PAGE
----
But I don't own a smart phone. Being connected everywhere, all of the time, is not my idea of a peaceful retirement. I'm not a gamer...not even the simple Facebook stuff. And I don't stream videos from my tablet except for the occasional bits and pieces that come up on news and sports sites. When I want to watch a movie or binge Star Trek: Deep Space Nine, I hook my laptop up to my TV.

I do make significant use of my tablet, though. In the morning with my coffee, I check my email, cruise Flipboard, and scroll through the headlines on Yahoo Sports! I respond to any comments on  my Facebook page or my blog. When I go to a doctor's office or the vet or accompany The Southern Woman That I Married shopping, I bring my tablet and read from my Kindle library. And, of course, I take pictures. Seldom selfies. I know what I look like. But it is nice to have a camera handy in the south of France.

Don't worry. I'm getting to it.

My trusty Samsung Galaxy Tab 2 died recently. Yes, I'm an Android guy. And I decided to remain an Android guy. My wife's iPad is nice enough but I just don't think that it's worth the money. She'd still be using her Nexus 7 if our niece hadn't gifted her the iPad. I don't find the iPad to be intuitive to operate and I do find it to be as buggy as any other operating system if it decides to be. So when my Samsung died, I went up on the tech sites that published reviews, cruised Youtube box openings, and read buyer reviews on Amazon and elsewhere.

The object of the exercise? A simple, cost-effective internet cruiser for the purposes outlined above.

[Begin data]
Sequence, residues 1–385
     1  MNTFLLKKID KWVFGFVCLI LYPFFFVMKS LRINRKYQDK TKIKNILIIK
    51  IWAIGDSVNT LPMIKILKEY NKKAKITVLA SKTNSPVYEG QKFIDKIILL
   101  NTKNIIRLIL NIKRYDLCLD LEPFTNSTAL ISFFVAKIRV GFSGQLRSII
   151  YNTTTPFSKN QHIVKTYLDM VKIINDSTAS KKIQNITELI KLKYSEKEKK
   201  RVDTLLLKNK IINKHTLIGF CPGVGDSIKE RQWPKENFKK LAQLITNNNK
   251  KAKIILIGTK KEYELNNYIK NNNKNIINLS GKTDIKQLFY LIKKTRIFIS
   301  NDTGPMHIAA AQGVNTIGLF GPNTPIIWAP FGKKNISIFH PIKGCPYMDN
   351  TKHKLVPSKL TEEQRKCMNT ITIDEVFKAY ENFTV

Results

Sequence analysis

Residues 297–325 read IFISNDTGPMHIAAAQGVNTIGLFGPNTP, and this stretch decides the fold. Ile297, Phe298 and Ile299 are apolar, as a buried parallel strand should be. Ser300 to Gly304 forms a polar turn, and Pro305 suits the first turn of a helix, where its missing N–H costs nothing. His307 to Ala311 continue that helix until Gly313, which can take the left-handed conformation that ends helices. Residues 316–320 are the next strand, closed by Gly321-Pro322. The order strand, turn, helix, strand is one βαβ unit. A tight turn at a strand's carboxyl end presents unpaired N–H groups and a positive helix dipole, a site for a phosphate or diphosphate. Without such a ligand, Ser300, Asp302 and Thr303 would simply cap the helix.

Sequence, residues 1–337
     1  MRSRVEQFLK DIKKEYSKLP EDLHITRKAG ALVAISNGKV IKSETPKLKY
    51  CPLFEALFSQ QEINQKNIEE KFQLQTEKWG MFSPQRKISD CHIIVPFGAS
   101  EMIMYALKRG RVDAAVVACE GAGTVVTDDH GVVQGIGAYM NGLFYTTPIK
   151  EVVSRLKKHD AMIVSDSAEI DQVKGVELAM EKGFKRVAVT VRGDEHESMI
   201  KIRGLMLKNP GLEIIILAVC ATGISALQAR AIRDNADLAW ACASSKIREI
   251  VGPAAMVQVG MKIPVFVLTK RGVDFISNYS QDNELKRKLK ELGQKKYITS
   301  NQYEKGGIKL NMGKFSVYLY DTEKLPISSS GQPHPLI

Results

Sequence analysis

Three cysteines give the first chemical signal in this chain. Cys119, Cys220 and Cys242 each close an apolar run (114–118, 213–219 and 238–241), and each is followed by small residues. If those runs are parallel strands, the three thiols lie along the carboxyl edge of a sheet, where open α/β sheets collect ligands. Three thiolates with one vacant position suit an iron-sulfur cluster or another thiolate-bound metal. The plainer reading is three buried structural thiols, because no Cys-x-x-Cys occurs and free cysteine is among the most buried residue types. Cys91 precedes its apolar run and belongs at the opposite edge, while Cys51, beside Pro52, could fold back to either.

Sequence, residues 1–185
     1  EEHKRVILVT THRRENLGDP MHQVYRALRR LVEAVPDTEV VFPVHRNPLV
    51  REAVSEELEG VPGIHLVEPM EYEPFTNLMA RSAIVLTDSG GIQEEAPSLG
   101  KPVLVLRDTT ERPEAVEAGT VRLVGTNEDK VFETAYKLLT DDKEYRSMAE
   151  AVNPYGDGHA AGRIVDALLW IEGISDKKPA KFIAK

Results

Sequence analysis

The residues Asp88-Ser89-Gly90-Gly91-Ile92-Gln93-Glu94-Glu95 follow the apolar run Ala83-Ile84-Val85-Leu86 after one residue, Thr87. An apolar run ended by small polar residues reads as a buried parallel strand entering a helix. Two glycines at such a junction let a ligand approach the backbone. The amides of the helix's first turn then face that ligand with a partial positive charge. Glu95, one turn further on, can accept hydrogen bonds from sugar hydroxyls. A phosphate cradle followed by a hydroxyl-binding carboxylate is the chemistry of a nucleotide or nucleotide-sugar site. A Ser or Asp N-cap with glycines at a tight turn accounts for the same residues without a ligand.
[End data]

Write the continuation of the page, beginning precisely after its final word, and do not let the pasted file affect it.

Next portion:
The result of my research? The Lenovo Tab 3 710F Essential. About two months ago, it was available on Amazon (.fr) for 69,99 euros plus 12,50 for a good cover with magnetic closure.

What do you get for pennies compared to the big names in tablets? In my view, a surprisingly useful device. Internet browsing is quick and efficient. 1 GB RAM and the quad core processor seem to be quite enough. I've gathered all of my email accounts into the Gmail app and never miss a missive. Flipboard loads and flips properly as do the pages of my Kindle books. The reviews give the tablet's display resolution poor marks but I find graphics crisp and clean enough. Bluetooth streaming from TuneIn to my stereo works as it should. And whether or not the cleaning program that I use regularly is helpful, after two months of several hours of daily usage I can detect no slowing.

And don't forget, although Lenovo is owned by the Chinese, it is IBMs former personal computer manufacturer, it partners with NEC to provide personal computers for the Japanese market, and is the world's most prolific unit vendor of personal computers. 

There are flaws. At 69,99 you would expect there to be. It's plastic. Well put together but plastic all the same. You really need a good case to protect your investment, minimal as it is. The volume and on/off bars are not particularly well placed but are not inaccessible. The camera isn't very good and won't save directly to a micro SD card should you choose to install one to save space on your 8 GB hard disk. I did. I solved the problem by deleting the camera app and downloading one that had the features that I wanted. I carry a camera most of the time anyway. But that's about it as far as flaws are concerned...for me, anyway. In my estimation, the Lenovo works as well as my Galaxy Tab 2 did when it was new and the Lenovo costs about one-third as much. What's not to like?

Recommended.